Latest at the YU Museum: Modeling Synagogues of the Past
The Commentator’s Hillel Field recently interviewed David Kahane, a sophomore at Yeshiva College and a tour guide for the YU Museum. The interview focuses on a current exhibition at the Museum, “Modeling the Synagogue—From Dura to Touro.” For more information on the exhibit, please see http://www.yumuseum.org/.
HF: This isn’t your typical extra-curricular activity for a lowerclassman. How did you get involved with the YU Museum in the first place?
DK: I decided to get involved with the Museum last year. I had been to the YU Museum before, which is just a short trip downtown, so I was comfortable going there and asking about becoming a tour guide. Museum educator Ilana Benson and I spoke about the possibility of me being a tour guide. I finally got started this year.
HF: What did you have to do to prepare for this position?
DK: It was actually pretty simple. After expressing my interest, I spent about two hours researching the synagogues. I then came to the Museum to give a mock tour of the exhibit. Thankfully, I knew the material well and was able to give a solid presentation. They accepted me on the spot.
HF: For those who may not be familiar with the YU Museum, can you tell us what it’s like in general?
DK: The YU Museum is located on one of the floors of the Center for Jewish History. There are always a few exhibitions at a time. Besides the synagogue exhibit, we currently have exhibitions featuring the Borscht Belt of the Catskills and Yiddish Theater. There is also an exhibit that focuses on Jews who served in the German army during WWI.
HF: What do you do as a tour guide?
DK: I give tours on Sundays, from 1:30 to 2:15 pm. I take people around the synagogue exhibit. Our museum has ten model synagogues, ranging from the oldest—the Dura Europos synagogue, from the mid-200’s (c.e.)—all the way to the late 1800’s, with the Tempio Israelitico synagogue. That’s around 1600 years of synagogue history. We also have a mini-Beit Hamikdash. The Museum has been around since 1973, and these models were displayed for the first time in 1979. They were also displayed at Bloomingdale’s, and then they sat in the Museum basement for decades. After presenting all the models to visitors, I usually show them the original molds used to create them.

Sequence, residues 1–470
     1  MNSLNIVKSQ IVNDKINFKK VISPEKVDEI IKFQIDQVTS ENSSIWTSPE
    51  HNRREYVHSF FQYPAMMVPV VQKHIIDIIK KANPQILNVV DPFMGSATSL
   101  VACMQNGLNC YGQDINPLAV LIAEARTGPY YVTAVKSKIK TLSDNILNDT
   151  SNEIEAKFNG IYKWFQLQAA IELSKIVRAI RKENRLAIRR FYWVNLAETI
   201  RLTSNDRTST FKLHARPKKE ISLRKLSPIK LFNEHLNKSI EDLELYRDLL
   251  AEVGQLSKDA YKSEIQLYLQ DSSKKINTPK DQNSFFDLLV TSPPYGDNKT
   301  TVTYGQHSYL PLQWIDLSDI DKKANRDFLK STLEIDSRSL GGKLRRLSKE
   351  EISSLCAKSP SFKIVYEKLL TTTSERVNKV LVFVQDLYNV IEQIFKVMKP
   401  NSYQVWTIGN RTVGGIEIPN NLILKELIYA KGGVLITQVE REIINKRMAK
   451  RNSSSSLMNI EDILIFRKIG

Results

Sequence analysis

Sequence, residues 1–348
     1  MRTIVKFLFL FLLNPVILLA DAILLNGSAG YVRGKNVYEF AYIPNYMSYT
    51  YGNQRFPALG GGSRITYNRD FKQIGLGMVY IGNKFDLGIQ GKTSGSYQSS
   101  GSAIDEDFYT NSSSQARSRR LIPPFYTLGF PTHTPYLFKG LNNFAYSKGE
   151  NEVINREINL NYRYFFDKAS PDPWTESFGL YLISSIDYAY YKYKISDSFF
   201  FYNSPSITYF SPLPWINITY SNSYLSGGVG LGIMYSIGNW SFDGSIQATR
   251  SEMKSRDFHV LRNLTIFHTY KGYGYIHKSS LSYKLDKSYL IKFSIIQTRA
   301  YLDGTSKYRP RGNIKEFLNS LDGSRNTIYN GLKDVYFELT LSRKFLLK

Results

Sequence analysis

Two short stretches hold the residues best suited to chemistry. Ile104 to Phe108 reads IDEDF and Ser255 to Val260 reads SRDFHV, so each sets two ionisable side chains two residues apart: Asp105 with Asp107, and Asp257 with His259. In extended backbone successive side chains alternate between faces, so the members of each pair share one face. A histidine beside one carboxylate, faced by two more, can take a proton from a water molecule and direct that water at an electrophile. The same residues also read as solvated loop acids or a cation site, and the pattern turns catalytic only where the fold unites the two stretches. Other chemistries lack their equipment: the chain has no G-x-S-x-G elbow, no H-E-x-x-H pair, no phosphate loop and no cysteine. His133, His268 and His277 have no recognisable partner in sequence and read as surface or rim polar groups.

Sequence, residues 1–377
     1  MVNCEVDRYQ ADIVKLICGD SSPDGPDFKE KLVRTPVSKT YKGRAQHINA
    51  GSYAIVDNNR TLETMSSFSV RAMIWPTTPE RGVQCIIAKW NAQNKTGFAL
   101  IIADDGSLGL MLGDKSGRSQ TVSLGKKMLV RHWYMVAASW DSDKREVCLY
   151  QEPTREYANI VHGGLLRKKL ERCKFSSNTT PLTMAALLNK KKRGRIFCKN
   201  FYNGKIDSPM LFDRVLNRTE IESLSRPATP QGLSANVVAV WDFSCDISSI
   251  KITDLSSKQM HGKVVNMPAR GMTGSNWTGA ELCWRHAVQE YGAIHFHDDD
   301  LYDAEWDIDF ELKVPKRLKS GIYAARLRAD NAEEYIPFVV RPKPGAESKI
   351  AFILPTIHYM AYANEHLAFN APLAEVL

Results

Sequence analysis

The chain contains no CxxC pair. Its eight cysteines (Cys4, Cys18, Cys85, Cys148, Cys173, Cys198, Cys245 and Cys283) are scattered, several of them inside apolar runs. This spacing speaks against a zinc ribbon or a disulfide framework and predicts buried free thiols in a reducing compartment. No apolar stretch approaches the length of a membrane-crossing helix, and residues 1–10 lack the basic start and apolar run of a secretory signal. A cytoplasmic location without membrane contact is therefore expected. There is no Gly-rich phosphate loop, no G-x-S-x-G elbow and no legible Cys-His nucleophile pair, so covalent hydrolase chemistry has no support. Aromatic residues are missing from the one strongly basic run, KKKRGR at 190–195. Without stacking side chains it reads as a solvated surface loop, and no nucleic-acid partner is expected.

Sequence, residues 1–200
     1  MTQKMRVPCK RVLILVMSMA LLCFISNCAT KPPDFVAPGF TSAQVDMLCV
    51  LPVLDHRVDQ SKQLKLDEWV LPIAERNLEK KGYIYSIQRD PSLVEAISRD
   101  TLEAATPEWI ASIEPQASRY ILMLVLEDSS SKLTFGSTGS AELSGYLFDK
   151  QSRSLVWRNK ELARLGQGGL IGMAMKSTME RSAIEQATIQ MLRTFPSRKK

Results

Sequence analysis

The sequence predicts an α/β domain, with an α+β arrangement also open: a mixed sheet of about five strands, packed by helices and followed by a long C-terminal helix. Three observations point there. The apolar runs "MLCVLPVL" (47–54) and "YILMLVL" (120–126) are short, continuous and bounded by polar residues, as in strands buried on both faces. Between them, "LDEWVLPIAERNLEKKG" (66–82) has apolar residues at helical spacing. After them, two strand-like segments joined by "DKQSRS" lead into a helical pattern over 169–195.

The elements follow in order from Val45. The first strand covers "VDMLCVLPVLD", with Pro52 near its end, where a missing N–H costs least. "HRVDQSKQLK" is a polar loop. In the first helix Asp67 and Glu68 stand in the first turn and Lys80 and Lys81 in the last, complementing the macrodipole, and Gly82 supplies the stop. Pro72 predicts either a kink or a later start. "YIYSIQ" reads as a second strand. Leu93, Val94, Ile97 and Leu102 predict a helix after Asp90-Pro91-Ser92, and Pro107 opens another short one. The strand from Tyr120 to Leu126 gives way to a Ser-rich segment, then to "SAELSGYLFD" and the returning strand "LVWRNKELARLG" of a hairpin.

HF: Who came up with the idea of the exhibit? Why were these synagogues chosen?
DK: Renee Wishnitzer, a former European History Professor at Stern College, really spearheaded this project back in the early 70’s. She chose the synagogues that would go on display, so it makes sense that most of them are European and North American. You wouldn’t expect to see Far Eastern or South American synagogues based on her area of expertise.
HF: This isn’t like the Cloisters exhibit, with original fragments of the sites, correct?
DK: No, the sculptors and architects who designed the models wanted them to look the way they did when they were first built.
HF: How big are the models?
DK: I would say about half of this desk at least (about three feet wide). You can even see inside the models; sometimes I’ll ask people if they can spot certain details. Since these models are so big, they are hard to clean; we have to use a mini-vacuum to reach all the tight spots.
The models aren’t the only part of the exhibit. We have other artifacts as well, like a Sefer Torah dating back from the 18th century.